Read: I was no longer a regular teenager, if I ever was one.  I was a foster "child."  That word still really pisses me off. I was a teenager.  I was old enough to get out of that house by my goddamn self, I was NOT a child.  My legal guardian was the State of Tennessee and all her fine, wonderful, caseworkers.  I would be assigned whatever foster family wanted to take me in, total strangers. 

New school. 

New life.

The next few days would be a flurry of hanging out in this and that office, getting paperwork together, my parents signing away rights, saying hasty and depressing goodbyes to everything I knew, preparing for the court date which would determine what "long term" plan we would come up with to get me "back with family." Because a foster child's goal is ALWAYS family first.  Everyone promised me that things would be okay from here on out; I wouldn't live in fear, I wouldn't feel alone.  I would know what a real family was like.

They were wrong, but I did what I had been trained to do: I set my jaw and decided to get through it the best I could.  

And that is the story of how I became a foster teen. 




(Me at 16--six months into foster care. I always thought I looked older than I do now in this photo.)

12 comments :

  1. Wonderfully written!!

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  2. Patricia, my heart is breaking reading this. tears streaming down my face. It is mind blowing to me that abuse can go on unnoticed for so long. You write so beautifully even when the subject is so ugly its hard not to find beauty in your writing.

    Foster care is such a broken system. The children (or in your case teens) that they intended to protect end up being the ones most hurt by the process. But I really believe that if there ever is going to be any change it will start here. With the sharing of experiences. Thank you for opening up and sharing this.

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  3. Wow- just wow. Thank you for sharing.

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  4. You definitely look younger now- now that you are safe and I'm guessing happier!

    It's crazy how idiotic so many social workers are. I have a friend going into it and she said the hardest thing is the main goal: to reunite families. There is a REASON these families were taken apart!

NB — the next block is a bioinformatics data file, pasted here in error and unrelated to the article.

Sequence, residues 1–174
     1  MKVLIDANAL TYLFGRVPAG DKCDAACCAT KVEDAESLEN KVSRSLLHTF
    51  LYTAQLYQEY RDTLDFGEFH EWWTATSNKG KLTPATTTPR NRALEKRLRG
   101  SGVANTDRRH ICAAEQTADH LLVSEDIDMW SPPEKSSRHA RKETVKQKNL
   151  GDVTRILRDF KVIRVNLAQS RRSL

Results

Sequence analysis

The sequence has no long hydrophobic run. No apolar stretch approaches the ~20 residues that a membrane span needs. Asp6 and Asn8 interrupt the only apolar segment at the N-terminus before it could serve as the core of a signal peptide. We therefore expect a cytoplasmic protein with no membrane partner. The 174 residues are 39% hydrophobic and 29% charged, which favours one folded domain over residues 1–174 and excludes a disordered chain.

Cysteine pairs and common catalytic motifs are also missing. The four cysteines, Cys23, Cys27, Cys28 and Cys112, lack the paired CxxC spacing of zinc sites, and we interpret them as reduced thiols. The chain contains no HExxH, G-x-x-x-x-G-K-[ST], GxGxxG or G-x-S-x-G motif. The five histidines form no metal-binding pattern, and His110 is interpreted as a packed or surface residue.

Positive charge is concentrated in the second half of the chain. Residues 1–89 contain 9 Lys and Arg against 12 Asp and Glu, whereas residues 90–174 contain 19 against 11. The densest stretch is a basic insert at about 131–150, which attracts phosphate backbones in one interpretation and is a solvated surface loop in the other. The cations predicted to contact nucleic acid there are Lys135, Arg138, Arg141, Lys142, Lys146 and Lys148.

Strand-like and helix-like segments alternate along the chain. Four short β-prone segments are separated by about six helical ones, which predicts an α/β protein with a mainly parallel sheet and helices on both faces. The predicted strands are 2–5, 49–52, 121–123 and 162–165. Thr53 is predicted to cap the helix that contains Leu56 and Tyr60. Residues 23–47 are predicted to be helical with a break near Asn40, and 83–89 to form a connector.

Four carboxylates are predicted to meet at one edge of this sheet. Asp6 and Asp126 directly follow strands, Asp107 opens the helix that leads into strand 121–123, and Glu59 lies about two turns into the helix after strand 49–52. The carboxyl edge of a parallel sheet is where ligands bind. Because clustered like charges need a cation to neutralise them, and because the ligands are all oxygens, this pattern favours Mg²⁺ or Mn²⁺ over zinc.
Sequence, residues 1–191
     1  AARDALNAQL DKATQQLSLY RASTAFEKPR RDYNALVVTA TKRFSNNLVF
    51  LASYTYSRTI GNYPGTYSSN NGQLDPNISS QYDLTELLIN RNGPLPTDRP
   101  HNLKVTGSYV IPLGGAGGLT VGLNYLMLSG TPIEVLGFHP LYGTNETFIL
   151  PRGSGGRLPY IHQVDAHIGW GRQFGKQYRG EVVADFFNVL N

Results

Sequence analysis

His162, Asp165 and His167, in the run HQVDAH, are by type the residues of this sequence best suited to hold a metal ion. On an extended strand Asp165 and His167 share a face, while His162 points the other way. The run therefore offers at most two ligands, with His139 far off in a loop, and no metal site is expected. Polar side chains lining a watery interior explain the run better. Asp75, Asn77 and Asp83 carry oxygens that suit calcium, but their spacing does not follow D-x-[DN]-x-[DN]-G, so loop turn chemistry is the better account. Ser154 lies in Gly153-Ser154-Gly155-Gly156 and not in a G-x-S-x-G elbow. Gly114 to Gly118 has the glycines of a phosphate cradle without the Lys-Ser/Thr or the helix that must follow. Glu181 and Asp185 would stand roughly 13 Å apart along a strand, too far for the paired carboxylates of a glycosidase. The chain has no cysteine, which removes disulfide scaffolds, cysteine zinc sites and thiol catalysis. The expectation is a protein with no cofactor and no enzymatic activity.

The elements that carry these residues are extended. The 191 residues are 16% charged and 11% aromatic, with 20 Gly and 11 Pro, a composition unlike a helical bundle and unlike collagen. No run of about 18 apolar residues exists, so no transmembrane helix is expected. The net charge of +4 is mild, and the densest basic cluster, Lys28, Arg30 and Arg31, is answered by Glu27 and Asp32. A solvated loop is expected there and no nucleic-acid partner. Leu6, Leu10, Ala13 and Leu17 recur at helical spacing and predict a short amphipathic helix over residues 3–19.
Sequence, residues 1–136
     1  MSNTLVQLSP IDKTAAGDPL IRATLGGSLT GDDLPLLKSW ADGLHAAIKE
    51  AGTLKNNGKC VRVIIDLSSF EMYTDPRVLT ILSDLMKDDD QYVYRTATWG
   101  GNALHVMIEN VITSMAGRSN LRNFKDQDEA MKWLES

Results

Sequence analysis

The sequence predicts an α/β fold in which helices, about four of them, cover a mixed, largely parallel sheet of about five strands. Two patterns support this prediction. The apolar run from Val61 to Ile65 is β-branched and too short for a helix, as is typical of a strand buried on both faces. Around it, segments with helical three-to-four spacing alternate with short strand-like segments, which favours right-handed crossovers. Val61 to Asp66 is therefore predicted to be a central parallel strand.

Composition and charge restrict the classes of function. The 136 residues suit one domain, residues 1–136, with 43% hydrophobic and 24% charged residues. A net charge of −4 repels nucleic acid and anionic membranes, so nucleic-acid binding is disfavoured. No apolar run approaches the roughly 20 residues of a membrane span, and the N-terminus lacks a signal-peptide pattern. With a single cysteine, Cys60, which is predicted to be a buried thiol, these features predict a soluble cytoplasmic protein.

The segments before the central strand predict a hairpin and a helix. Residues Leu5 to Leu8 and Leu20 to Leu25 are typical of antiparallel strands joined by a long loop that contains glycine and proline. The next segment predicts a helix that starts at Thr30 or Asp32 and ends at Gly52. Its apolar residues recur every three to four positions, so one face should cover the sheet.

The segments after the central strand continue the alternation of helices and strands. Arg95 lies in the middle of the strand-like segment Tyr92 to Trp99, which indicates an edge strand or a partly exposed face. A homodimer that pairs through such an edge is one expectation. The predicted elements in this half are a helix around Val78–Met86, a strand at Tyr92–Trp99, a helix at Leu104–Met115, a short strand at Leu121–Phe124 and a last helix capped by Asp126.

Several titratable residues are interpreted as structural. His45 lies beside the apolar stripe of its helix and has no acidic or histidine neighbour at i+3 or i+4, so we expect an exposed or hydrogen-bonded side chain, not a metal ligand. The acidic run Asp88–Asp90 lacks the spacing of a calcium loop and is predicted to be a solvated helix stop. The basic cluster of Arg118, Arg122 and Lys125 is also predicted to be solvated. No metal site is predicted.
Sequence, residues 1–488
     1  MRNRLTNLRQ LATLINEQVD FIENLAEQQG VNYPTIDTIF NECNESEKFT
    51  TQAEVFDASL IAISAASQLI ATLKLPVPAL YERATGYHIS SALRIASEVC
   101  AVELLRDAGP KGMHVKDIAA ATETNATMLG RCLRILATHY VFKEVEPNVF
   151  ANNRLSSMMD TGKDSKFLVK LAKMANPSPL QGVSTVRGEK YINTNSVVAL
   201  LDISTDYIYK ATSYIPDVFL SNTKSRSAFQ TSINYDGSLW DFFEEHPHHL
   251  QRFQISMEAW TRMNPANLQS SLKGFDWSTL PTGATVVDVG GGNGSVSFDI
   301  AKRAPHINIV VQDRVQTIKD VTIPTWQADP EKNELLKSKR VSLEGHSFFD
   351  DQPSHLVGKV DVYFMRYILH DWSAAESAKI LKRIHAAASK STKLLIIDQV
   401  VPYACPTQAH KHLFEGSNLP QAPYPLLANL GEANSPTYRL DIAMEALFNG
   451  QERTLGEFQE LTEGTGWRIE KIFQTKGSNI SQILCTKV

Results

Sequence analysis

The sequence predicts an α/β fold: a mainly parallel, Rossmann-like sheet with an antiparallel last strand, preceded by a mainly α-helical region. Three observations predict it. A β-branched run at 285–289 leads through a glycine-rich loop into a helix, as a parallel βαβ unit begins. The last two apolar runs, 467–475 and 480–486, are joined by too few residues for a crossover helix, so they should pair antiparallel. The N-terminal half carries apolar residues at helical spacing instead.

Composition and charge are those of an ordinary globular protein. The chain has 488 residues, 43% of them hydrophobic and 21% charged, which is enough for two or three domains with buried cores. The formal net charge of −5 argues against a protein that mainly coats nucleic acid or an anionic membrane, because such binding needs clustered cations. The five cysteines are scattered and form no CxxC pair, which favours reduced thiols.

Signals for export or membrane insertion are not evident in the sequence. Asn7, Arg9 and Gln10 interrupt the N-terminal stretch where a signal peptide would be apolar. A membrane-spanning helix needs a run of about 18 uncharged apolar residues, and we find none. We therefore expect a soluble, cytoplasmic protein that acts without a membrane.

I'm sorry that you've had to live through this, but fortunately it's in your past now. I know you still think about it, but you will never have to live through that again. You're safe, smart, creative and are taking care of yourself! You're doing good thinks with your life, and you should be proud of yourself.

    <3

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  5. I'm doing a blog challenge do from a different angle. Thanks for sharing your story!

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  6. Beautiful. Yours and my stories are eerily similar. I remember running away, barefooted in the summer/s and having the boiling tar on the road burn my feet.

    Again...beautiful, Honey.

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  7. Thank you for taking the time to write your story... Hard and hurtfull and full of pain as it may be, but it's your story... I was deeply moved. Growing up in the fosster care system myself and no as a foster parent I can totally relate. There is power and healing in letting the words out... You're a beautiful young lady inside and out and please don't let anyone tell you differently. Hugs, Lucy

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  8. Patricia... Your story broke my heart. I cried. I have a very powerful urge to fly to Utah and give you a hug. I truly hope things are much much better for you now that you're away from all that. Hugs.

    On a side note, your story was beautifully written. I couldn't stop reading once I started. You're a wonderful writer and when you publish a book, I demand a signed copy! :P

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  9. You are an amazing and strong woman and your story really touched me. Thank you for sharing your story <3

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  10. You are SO strong! Thank you so much for sharing your story!

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  11. Thank you for posting this. I know I'm late to reading it, but you always hear stories about the foster care system, some good, some horrific, and rarely do I get the truth from someone who went through it. My boyfriend's half-sister and half-brother (whom he's never met) are in the Tennessee foster care system, and have been for most of their lives. I have hoped they ended up in loving, supportive homes, but reading about your experiences with that same system...and being helpless to do anything about it...it just hurts.

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  12. WOW I really wish I was going with you to protect you and be your support. The more I learn about you the more fascinated I am with you and want to be there for whatever you need. Even if you intimidate me. Much love and forever support.
    Rusty Shackleford